The announcement of the Fitbit Surge and Fitbit Charge HR is the first sign that the Californian company is raising the bar when it comes to serious sports.
From last year's basic steps and sleep tracking, the addition of wrist-based continuous heart rate tracking is a big push towards the serious athlete – the ones you see pushing 16 milers on a Saturday morning, covered in gels, straps, sensors and bits of blue tape.
Essential reading: Fitbit Surge price and release date
There’s no doubt the Surge is attempting something fairly new. With its activity tracking heritage and an array of new sensors, Fitbit is finally offering a range features that track your whole day.
It’s trying to bridge the gap between when you’re in workout mode and just walking for a bus; with a five day battery life and a functional design that makes it all seem quite compelling.
Essential reading: Polar M400 review
With its built in optical heart rate monitor, GPS and accelerometer it offers a more holistic overview of all your daily stats, covering everything from your general movement to those times when you’re doing targeted workouts like running or cycling.
Stats like the distance you’ve covered on a run can now be viewed together with how much time you spent sitting inactive at your desk. The ability to track things like pace on a run as readily as how well you’ve slept is truly intriguing for those looking for a one-stop shop for health tracking.
Taking on the elites
So what about the incumbents in the sports space, the more athlete focused Polars and Garmins? Should these guys panic?
They certainly need to pay attention. Panic? No. But they need to be wary.
Both Polar and Garmin spotted these relatively young upstarts encroaching on their space and brought out products that appeal to the less serious fitness crowd, the sofa dwellers and desk jockeys among us. The Polar Loop, the and the Garmin Vivofit have both tried to take a slice of this gluten-free, no-added-sugar, general activity pie with varying success.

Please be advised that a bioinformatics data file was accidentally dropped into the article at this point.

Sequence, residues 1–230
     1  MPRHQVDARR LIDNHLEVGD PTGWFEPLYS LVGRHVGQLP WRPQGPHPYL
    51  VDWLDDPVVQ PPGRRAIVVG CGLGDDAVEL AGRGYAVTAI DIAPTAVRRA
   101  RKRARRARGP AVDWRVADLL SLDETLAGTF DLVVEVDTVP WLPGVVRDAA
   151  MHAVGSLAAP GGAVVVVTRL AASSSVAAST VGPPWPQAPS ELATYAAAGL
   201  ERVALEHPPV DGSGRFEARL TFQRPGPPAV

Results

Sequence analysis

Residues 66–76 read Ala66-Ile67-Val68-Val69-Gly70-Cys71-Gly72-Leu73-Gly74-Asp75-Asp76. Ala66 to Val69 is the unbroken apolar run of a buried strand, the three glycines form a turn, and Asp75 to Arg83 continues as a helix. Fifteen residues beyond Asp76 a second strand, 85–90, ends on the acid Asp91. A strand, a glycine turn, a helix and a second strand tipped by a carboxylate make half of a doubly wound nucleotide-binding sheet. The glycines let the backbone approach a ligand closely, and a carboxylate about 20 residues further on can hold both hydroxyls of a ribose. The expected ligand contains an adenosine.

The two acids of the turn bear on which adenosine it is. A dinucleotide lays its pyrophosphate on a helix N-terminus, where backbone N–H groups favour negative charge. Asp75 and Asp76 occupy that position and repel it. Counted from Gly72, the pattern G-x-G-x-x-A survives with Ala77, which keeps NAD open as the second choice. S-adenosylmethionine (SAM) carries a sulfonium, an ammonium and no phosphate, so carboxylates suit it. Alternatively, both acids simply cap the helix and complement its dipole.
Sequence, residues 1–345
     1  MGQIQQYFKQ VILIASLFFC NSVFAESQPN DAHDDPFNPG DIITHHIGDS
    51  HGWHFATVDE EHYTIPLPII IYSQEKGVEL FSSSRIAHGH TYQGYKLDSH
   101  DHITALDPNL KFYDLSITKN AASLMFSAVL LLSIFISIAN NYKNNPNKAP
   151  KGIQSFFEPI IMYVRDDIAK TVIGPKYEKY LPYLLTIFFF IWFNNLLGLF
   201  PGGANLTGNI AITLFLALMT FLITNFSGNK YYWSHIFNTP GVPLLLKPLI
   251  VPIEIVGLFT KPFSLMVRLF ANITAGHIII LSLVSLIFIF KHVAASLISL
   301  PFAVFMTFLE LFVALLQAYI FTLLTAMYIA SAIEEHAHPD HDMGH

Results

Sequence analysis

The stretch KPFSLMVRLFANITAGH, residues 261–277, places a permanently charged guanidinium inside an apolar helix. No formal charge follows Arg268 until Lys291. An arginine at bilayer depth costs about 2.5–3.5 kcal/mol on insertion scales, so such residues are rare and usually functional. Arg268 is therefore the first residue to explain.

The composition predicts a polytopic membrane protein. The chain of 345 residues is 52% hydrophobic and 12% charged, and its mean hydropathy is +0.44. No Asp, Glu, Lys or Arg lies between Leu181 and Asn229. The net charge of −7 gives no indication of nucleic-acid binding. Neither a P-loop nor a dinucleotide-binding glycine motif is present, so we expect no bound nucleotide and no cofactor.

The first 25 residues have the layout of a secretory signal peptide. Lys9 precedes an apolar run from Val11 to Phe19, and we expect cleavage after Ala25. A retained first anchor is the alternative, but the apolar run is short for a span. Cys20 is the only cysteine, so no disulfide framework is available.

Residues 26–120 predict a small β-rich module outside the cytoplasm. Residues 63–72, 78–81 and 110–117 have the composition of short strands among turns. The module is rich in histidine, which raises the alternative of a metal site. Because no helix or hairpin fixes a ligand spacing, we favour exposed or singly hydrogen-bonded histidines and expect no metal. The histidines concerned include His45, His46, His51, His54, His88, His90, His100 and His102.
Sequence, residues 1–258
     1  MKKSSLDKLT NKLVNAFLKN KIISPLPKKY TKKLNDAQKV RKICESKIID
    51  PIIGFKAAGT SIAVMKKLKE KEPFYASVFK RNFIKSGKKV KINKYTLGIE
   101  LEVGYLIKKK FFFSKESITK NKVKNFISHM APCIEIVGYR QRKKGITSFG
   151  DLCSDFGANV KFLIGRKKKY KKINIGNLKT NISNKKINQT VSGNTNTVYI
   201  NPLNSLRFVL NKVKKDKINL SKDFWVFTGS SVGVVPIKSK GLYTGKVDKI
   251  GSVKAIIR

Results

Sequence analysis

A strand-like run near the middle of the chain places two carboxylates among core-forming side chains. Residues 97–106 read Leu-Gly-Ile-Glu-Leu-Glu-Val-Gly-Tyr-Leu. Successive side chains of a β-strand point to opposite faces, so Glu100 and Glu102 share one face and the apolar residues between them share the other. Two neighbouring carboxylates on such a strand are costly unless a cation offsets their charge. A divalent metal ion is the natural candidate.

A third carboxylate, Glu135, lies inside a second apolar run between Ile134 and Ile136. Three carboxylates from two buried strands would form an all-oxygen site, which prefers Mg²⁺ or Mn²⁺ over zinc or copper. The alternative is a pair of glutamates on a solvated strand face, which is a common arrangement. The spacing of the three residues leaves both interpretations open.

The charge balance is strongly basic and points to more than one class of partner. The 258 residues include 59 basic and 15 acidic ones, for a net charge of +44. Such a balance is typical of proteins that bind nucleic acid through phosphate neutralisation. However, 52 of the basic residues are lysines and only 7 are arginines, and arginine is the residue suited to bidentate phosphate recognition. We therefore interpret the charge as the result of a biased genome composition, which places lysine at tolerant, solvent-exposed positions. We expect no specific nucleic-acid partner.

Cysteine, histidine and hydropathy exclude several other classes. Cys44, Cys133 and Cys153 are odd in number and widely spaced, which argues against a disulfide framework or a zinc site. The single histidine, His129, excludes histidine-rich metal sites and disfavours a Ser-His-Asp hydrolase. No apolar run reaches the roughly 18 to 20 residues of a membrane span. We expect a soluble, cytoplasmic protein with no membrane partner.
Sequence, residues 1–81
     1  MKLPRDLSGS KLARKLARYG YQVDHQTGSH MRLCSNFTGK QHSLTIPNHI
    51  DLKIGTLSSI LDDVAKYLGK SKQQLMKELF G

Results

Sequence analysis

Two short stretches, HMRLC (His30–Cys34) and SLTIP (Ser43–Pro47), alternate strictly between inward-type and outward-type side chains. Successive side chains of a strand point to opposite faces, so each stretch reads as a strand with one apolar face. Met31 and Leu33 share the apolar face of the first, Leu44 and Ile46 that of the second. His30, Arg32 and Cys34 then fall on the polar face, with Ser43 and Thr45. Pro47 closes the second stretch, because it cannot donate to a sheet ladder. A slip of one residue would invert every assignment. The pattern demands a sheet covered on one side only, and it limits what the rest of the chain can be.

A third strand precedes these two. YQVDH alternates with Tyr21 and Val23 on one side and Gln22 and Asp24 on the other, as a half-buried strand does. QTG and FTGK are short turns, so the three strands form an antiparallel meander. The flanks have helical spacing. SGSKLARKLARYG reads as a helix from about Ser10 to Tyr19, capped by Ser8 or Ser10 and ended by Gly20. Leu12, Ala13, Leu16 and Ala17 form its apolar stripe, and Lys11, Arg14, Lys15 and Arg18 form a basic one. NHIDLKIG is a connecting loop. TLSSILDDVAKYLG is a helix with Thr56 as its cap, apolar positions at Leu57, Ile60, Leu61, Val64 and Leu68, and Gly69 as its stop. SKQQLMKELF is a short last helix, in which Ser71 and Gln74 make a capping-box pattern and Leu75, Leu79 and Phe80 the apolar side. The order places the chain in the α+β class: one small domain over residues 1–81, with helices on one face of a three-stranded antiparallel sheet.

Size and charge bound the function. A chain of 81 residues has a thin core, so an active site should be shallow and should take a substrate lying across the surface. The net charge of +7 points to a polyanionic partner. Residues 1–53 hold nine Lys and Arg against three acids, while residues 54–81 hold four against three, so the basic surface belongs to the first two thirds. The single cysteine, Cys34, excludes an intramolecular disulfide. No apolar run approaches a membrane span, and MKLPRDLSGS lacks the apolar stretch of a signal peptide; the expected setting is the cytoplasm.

Polar has started to build the daily activity tracking into their extremely capable running, cycling and triathlon products. Watches like the M400 and the V800 offer a range of features for the more serious everyday athletes that the likes of Apple, Samsung and Fitbit can’t comprehend, such as cadence, VO2 max and recovery and vertical oscillation.
Big review: Garmin Vivosmart
It’s harder to for the Fitbit Surges of this world to muscle in on the serious world of sports science than it is for Polar to add notifications to their existing products.
Polar, Garmin and even Suunto don't really make mass market products. Sure, they each have entry level devices but their heritage is in performance. They understand athletes and they get training. Fitbit still has a long way to go.
There is a caveat, however. Polar innovated with heart rate tracking with its sensors way back in the 1990s. Its tech has kept them at the forefront of performance sport.
But it has stopped innovating – for mass market hardware, at least. Basis and Fitbit’s optical heart rate tracking accuracy is yet to be tested, but they will get it right eventually.
So the fitness elites don’t need to panic yet, but history doesn’t look kindly on previous tech giants that didn’t raise the bar.
Kieran Alger is Wareable's fitness expert and insane ultra marathon runner. Track his progress as he trains for the Marathon De Sables in the Sahara on his blog.
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